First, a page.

Wine and Food Diary of Giles MacDonogh THE FINER THINGS IN LIFE

A Golden October in the Kitchen

Written by Giles MacDonogh

A Golden October in the Kitchen

Posted: 3rd November 2020

At the beginning of month there was a proper ‘Oktoberfest’ here as I harvested my grapes. They were not easy to get at, as the vines are ‘trained’ à la romaine up a bay and an olive tree. I had to detach the blue-black bunches with a lopper, fish them out of the roses and gather them up into a yellow plastic tub.

Once I had warmed them up to below blood heat in a big pot, I added a kilo of sugar. It is the process known as ‘chaptalisation’ after the baron Chaptal, sometime Interior Minister to Napoleon, so we’ve been doing it for at least 200 years. The sugar made up for their obvious lack of ripeness and gave the yeast something to feed on. There is plenty of yeast flying around and I was grateful to see a few bubbles appear after two or three days, signalling the beginning a slow and not very tumultuous fermentation.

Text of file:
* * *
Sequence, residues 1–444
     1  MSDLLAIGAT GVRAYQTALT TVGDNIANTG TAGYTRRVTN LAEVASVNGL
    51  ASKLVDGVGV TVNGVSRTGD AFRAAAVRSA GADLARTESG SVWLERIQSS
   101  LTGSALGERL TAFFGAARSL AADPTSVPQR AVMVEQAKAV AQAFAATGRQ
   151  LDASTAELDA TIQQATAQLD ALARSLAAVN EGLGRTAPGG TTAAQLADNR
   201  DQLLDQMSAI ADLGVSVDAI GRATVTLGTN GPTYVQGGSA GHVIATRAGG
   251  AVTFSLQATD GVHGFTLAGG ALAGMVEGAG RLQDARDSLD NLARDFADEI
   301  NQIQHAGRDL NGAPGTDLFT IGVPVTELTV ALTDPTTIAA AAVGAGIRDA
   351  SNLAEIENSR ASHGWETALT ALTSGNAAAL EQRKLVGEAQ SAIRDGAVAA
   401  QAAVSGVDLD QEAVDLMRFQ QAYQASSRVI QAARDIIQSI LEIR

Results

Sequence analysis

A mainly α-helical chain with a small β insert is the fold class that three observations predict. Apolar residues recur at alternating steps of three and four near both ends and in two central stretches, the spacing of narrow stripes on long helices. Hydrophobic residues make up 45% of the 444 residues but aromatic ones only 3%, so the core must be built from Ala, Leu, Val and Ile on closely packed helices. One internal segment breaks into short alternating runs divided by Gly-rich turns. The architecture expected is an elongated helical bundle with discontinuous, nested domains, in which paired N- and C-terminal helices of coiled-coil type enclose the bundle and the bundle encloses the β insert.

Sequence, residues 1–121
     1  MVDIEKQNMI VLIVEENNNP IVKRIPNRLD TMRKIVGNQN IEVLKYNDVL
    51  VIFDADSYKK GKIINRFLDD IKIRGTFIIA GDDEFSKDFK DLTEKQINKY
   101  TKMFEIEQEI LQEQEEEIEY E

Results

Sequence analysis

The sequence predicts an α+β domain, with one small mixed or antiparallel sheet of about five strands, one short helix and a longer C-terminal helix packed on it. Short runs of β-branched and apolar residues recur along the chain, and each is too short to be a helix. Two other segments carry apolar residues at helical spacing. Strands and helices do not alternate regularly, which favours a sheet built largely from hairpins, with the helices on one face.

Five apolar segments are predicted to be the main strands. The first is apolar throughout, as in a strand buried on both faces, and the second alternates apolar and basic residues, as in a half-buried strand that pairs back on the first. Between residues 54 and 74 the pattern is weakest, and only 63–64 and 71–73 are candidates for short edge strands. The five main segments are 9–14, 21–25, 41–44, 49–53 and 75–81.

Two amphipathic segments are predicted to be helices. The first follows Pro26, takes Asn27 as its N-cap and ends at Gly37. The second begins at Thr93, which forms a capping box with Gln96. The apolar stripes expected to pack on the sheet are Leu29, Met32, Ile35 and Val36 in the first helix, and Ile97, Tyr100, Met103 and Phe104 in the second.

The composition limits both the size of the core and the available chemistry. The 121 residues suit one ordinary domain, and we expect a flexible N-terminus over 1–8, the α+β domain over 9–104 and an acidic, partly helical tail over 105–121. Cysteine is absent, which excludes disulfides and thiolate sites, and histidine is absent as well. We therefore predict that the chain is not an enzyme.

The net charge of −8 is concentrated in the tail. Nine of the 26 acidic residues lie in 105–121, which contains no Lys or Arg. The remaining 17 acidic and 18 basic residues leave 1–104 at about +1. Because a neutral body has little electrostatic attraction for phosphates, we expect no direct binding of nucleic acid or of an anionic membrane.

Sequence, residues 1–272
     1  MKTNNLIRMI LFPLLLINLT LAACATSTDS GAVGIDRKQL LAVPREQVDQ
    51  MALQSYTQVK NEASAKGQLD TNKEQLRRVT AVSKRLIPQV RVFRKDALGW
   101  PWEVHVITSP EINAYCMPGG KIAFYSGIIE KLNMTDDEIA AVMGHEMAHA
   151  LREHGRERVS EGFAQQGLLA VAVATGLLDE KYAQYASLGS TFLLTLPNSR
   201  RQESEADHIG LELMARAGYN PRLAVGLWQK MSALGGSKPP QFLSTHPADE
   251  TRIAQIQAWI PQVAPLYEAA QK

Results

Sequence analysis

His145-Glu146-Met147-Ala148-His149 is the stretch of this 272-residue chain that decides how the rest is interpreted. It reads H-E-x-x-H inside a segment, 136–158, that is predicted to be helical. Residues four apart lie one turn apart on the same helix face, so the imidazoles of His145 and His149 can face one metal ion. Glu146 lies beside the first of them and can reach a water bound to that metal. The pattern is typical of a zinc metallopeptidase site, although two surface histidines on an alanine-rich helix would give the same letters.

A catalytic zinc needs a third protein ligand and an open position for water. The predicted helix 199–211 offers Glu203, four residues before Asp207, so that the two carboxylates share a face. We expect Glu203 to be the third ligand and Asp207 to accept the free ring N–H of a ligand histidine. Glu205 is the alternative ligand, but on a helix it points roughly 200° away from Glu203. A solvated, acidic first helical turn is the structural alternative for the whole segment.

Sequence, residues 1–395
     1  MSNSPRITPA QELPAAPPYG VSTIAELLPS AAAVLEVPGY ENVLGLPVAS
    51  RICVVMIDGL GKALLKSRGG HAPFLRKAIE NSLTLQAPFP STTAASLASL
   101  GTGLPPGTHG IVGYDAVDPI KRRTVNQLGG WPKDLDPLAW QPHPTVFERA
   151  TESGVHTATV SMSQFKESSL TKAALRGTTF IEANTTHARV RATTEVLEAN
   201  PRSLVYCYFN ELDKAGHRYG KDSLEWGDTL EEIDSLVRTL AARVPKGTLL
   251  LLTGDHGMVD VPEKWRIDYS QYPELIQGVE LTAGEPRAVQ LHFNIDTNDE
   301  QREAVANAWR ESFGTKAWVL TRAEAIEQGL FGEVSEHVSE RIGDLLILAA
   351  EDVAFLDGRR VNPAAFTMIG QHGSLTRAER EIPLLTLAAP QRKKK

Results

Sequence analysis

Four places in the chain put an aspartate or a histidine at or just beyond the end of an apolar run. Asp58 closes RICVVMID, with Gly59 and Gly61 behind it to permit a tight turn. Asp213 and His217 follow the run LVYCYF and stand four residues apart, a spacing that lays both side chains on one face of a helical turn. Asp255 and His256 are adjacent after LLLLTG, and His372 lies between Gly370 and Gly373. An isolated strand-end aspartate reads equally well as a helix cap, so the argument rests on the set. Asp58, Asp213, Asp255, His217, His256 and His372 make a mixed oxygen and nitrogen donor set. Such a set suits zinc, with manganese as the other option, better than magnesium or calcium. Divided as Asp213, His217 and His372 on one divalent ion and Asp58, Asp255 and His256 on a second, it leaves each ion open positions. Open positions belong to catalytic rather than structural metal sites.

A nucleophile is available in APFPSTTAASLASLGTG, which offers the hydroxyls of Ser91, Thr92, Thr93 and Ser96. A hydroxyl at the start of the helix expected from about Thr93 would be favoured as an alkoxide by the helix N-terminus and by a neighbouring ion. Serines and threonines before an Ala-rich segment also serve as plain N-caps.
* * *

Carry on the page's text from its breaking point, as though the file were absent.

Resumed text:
Once the bubbles became rare, I decanted the liquid into a big glass jar and loosely stoppered it. Not only did I want to allow the fermentation to begin again when it got warmer, I intended the odd, intrepid fruit fly to visit the wine. Fruit flies bring the bacteria that turn bad wine into useful vinegar. Our grapes would not be good enough to make anything else. Such is wine, in its rawest, earthiest manifestation. Once upon a time people drank this. Thank God we have not been reduced to that yet. Only time will tell.

October wasn’t such a bad month. Although we had been sad to see one child leave for university, the other one came home and I actually went out to FOUR restaurants! There was the Seashell in Lisson Grove – London’s premier fish and chippie.

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Giles MacDonogh

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